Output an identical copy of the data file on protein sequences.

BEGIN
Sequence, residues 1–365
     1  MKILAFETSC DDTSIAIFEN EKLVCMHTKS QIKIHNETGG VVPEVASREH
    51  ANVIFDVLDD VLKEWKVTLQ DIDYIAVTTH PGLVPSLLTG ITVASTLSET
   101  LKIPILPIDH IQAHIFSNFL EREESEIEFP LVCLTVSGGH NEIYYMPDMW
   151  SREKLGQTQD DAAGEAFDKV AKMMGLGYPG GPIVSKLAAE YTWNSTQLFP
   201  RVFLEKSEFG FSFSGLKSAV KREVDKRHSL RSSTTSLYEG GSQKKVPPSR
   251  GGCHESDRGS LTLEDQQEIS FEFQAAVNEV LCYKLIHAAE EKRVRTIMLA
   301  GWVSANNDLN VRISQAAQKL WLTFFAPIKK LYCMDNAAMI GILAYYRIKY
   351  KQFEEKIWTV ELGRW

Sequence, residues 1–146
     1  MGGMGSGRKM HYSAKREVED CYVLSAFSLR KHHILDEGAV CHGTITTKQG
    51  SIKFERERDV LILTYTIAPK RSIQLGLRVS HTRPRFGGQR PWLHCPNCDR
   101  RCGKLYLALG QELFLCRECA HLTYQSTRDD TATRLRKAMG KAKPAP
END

Sequence, residues 1–365
     1  MKILAFETSC DDTSIAIFEN EKLVCMHTKS QIKIHNETGG VVPEVASREH
    51  ANVIFDVLDD VLKEWKVTLQ DIDYIAVTTH PGLVPSLLTG ITVASTLSET
   101  LKIPILPIDH IQAHIFSNFL EREESEIEFP LVCLTVSGGH NEIYYMPDMW
   151  SREKLGQTQD DAAGEAFDKV AKMMGLGYPG GPIVSKLAAE YTWNSTQLFP
   201  RVFLEKSEFG FSFSGLKSAV KREVDKRHSL RSSTTSLYEG GSQKKVPPSR
   251  GGCHESDRGS LTLEDQQEIS FEFQAAVNEV LCYKLIHAAE EKRVRTIMLA
   301  GWVSANNDLN VRISQAAQKL WLTFFAPIKK LYCMDNAAMI GILAYYRIKY
   351  KQFEEKIWTV ELGRW

Sequence, residues 1–146
     1  MGGMGSGRKM HYSAKREVED CYVLSAFSLR KHHILDEGAV CHGTITTKQG
    51  SIKFERERDV LILTYTIAPK RSIQLGLRVS HTRPRFGGQR PWLHCPNCDR
   101  RCGKLYLALG QELFLCRECA HLTYQSTRDD TATRLRKAMG KAKPAP